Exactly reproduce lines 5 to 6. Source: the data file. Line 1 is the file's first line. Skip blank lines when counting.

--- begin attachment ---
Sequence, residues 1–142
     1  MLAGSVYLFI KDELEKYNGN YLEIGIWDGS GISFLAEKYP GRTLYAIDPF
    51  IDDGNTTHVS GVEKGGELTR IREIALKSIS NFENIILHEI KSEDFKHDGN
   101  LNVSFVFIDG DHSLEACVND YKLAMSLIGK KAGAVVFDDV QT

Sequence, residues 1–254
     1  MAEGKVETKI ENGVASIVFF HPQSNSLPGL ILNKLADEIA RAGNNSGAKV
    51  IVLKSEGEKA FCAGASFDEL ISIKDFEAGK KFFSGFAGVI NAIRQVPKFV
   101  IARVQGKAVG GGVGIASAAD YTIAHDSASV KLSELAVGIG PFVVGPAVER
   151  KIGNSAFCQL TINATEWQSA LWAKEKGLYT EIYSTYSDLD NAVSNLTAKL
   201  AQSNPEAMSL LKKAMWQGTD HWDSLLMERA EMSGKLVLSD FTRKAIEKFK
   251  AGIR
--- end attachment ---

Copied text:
Sequence, residues 1–254
     1  MAEGKVETKI ENGVASIVFF HPQSNSLPGL ILNKLADEIA RAGNNSGAKV